To Donaldson, there are holes in the argument for Ohtani: he didn’t start every fifth day, the recent injury could cause him to miss most of September on the mound and, as a designated hitter, he doesn’t impact both sides of the game. Guerrero, on the other hand, strikes fear in opposing lineups unlike any other player this season, Donaldson said.

And if the Jays make the playoffs, Donaldson said, that should tip the scales in Guerrero’s favour.

“If you take Vlad out of that lineup, this isn’t the same team,” Donaldson said. “Not that this isn’t a good lineup, because it is. But what Vlad’s doing is … he’s that security blanket for the rest of that lineup (with) what he’s producing. He takes pressure off of everybody else.”

Hearing that kind of praise from Donaldson, who spent the weekend at the ballpark happily reuniting with familiar faces he knew from his four years in Toronto and touting Guerrero’s MVP worthiness to anyone who would listen, left Guerrero nearly speechless but maybe not surprised. Guerrero, who was signed by the Jays the same year Donaldson won the MVP in 2015, said Donaldson has long been supportive of his career.

“Coming from Josh, it’s unbelievable what he said. Especially coming from someone that already won the MVP,” Guerrero said. “Since I was in the minors when he was here, he was always giving me advice, especially in spring training. When I was playing third, helping me out, taking ground balls with him. He’s always been great to me and I really appreciate his comments.”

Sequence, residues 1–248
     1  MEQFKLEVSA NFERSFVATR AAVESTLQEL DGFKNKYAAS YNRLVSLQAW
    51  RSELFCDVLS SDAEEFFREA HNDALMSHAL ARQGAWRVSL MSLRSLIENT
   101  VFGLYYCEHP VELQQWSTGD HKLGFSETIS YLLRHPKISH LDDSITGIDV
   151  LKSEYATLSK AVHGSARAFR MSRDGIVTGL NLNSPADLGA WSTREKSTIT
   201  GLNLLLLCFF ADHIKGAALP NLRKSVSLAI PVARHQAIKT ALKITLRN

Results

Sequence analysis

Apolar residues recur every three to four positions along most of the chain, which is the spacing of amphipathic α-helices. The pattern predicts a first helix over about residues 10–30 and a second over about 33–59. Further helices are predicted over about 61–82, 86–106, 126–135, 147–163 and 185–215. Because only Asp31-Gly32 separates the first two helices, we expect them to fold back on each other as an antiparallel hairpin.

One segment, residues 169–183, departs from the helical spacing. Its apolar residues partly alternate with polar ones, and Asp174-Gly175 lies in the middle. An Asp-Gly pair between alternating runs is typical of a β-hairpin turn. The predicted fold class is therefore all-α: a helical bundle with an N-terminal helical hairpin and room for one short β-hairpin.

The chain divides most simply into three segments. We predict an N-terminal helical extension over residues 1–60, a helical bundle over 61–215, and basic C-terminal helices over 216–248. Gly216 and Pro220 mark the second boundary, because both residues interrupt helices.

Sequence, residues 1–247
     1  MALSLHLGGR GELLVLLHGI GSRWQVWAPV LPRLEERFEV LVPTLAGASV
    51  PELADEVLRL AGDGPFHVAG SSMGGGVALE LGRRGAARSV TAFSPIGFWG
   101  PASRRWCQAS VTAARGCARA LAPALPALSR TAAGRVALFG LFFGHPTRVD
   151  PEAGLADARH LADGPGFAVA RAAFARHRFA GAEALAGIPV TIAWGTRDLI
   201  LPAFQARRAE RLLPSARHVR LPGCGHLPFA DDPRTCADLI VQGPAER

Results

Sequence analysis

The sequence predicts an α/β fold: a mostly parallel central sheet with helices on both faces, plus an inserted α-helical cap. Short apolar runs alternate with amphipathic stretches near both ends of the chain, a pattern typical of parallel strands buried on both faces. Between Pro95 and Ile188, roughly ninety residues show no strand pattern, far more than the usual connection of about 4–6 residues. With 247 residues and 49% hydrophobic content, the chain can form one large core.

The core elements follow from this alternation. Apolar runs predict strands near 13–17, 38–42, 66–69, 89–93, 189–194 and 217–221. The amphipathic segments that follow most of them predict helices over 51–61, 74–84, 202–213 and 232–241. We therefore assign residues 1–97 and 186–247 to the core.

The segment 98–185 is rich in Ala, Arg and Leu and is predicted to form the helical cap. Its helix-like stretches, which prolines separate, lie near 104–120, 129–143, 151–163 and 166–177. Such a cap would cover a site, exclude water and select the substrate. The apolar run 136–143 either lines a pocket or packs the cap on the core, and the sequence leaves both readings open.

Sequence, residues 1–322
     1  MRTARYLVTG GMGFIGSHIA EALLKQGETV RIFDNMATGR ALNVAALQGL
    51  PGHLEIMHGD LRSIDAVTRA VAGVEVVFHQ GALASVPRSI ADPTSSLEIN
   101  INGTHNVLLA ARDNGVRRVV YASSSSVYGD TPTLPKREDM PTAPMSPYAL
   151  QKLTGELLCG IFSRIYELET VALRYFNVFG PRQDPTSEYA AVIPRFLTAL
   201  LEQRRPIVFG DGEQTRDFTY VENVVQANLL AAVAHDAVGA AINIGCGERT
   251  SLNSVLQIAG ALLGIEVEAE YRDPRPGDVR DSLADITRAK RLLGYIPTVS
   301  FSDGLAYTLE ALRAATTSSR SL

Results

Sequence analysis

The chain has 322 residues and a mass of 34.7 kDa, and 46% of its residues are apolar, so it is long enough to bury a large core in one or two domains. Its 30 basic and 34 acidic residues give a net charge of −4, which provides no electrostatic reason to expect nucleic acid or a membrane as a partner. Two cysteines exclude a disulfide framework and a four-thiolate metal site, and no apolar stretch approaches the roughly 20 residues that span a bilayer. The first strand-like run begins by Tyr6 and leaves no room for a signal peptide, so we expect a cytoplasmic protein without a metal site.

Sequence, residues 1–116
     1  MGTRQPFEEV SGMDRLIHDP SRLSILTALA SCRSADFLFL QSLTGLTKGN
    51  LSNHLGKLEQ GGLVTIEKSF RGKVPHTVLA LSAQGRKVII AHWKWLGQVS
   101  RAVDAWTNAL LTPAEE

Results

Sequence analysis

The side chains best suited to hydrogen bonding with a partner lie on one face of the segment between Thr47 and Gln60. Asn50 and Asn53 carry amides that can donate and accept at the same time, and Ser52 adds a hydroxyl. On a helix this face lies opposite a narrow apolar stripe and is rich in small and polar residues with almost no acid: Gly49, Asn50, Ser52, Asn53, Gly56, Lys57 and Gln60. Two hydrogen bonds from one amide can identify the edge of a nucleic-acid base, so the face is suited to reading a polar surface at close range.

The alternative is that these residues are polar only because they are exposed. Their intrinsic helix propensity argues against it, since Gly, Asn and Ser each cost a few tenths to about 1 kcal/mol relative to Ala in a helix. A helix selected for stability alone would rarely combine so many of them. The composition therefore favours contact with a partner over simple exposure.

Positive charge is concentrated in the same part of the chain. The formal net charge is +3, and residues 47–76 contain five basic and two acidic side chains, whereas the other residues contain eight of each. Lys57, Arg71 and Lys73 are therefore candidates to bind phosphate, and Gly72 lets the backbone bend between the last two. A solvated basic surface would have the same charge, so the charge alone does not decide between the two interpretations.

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Patriots owner Robert Kraft shocked a gay flag football team by showing up to support it – Yahoo Canada Sports

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Imagine coming off the field from your neighborhood flag football game, dripping in weekend-warrior sweat, and there stands the owner of the New England Patriots. 

Naturally, you might be curious why Robert Kraft — a man said to have a net worth north of $8 billion — is, you know, there. Just hanging out.

Was Kraft watching a relative or close friend play? Did he happen to be nearby and just wander over? Did his driver get lost?

No, it turns out that Kraft was simply there to support a Massachusetts gay flag football team.

There was no press release. No attention drawing needed. Just your average billionaire NFL franchise owner supporting a gay flag football team and a great local charity.